If you’re not sure of what you’re dealing with, or if you know this is a yeast infection that keeps coming back, the best course of action is always to check in with your gynecologist. They can make sure what you think is a yeast infection is actually a yeast infection so you can treat it in the most effective way possible.
Let’s talk about all the kinds of yeast infection treatment.
Your line of treatment will depend on a couple of factors including how bad your yeast infections are and how often you get them. According to the Mayo Clinic, if your symptoms aren’t terrible and you don’t get them too often, your doctor might recommend a short-course treatment of antifungal meds—which can be purchased as creams, ointments, tablets and suppositories (medication that’s inserted directly into the vagina) over-the-counter or by prescription—for three to seven days until your yeast infection clears. If your symptoms haven’t gotten better by the time you’re done with the meds, that’s a sign the infection has stuck around and you should see your gynecologist. Another yeast infection treatment option is an oral medication, which you can take as a single dose. If your symptoms are more severe, you might need to take two pills, three days apart.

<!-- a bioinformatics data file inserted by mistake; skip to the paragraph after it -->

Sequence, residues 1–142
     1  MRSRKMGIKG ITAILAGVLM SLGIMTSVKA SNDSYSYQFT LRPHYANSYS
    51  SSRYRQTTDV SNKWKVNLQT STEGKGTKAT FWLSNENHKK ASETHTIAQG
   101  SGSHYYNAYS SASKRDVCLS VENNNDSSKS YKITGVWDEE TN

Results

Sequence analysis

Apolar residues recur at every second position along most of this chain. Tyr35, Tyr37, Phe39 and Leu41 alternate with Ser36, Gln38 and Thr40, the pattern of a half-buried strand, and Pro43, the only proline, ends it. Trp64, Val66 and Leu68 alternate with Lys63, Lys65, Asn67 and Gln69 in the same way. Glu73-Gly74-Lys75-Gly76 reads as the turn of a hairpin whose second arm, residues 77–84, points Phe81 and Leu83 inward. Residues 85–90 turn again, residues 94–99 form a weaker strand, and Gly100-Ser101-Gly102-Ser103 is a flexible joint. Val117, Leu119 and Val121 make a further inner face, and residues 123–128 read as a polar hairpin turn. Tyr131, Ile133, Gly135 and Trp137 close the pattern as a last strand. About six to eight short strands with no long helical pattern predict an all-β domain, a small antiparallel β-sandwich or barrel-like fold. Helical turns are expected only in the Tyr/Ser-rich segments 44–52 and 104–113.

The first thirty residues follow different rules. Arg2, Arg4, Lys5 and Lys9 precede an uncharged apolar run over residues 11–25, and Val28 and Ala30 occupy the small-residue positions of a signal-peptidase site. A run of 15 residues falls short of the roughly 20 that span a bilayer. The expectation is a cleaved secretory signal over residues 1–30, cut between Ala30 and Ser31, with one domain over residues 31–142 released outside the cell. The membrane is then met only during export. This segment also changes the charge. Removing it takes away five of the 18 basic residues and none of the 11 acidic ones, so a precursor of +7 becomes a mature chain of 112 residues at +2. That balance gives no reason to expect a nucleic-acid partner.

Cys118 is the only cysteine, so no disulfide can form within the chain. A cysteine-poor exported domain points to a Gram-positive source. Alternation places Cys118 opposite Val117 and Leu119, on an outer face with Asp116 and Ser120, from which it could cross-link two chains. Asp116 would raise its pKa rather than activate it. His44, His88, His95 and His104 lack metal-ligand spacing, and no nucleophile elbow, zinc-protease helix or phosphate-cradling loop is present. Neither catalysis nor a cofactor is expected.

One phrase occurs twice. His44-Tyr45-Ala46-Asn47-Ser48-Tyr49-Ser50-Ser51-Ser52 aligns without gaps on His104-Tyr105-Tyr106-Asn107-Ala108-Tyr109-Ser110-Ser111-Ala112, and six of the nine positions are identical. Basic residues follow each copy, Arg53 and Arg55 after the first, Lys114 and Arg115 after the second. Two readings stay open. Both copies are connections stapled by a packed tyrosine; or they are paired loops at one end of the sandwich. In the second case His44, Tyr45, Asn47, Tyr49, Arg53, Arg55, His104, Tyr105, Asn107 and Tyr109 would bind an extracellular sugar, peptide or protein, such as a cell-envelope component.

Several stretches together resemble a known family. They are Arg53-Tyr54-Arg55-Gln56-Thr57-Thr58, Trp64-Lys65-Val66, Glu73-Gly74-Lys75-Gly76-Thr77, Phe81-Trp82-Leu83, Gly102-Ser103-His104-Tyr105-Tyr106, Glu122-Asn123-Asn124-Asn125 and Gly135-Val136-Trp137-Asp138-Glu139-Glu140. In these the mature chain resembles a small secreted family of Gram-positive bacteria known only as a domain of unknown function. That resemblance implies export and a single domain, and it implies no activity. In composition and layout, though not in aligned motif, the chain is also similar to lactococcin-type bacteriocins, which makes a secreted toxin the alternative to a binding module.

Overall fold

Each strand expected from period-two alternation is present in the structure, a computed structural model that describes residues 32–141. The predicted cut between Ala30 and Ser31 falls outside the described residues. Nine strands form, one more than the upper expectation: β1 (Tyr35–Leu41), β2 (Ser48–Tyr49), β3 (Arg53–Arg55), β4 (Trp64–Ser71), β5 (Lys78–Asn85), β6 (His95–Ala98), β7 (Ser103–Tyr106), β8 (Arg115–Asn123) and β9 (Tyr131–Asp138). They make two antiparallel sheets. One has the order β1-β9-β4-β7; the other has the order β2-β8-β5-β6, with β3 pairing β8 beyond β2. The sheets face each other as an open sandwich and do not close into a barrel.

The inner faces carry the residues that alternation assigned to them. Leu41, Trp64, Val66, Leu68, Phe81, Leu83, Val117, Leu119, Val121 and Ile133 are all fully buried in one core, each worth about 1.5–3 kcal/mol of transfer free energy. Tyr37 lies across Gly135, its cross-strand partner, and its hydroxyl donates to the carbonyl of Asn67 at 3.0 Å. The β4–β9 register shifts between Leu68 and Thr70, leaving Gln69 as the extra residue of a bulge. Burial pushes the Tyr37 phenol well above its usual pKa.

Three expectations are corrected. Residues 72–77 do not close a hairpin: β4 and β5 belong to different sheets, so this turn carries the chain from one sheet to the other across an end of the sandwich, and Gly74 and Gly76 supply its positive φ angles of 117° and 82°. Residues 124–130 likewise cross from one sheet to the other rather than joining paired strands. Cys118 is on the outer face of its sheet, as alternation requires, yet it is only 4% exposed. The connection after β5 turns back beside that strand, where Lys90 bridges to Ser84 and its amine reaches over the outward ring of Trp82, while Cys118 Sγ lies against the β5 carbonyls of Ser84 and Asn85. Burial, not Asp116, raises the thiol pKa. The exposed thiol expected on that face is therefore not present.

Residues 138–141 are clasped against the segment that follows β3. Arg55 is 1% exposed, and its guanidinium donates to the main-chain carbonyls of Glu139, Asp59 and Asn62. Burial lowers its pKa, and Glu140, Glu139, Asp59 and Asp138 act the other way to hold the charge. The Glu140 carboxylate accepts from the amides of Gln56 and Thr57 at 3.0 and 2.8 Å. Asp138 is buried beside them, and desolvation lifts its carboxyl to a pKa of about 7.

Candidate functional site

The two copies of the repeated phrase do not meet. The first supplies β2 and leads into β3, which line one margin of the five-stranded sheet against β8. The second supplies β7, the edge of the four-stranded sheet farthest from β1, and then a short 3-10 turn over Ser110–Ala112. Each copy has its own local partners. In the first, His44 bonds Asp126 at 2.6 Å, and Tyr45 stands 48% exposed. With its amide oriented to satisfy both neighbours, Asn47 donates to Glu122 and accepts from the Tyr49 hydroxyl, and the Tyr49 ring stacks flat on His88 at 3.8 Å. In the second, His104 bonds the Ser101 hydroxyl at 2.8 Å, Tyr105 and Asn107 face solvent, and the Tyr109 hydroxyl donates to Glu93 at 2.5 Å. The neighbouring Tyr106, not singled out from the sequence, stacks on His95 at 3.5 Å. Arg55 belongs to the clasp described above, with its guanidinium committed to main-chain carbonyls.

If you’re still experiencing symptoms when you shouldn’t, your doctor might recommend some kind of longer-course therapy, like a prescription medication you can use for up to two weeks or a multi-dose oral medication, according to the Mayo Clinic.
Depending on the type of medication, you can either get these antifungals over the counter or through a prescription from your gynecologist. (For example, you can get many three- or seven-day vaginal suppositories and creams OTC, while single-dose oral medication may require a prescription.) The type of treatment you get really depends on your preferences, Dr. Minkin says.
Cool, cool. So when can you have sex again?